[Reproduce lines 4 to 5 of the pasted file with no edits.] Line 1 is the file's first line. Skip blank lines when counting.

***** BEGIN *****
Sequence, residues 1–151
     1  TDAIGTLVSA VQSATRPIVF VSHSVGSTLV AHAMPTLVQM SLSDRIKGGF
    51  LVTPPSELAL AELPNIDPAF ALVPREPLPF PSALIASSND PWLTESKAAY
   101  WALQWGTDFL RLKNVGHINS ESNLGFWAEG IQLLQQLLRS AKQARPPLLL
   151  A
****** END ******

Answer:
   101  WALQWGTDFL RLKNVGHINS ESNLGFWAEG IQLLQQLLRS AKQARPPLLL
   151  A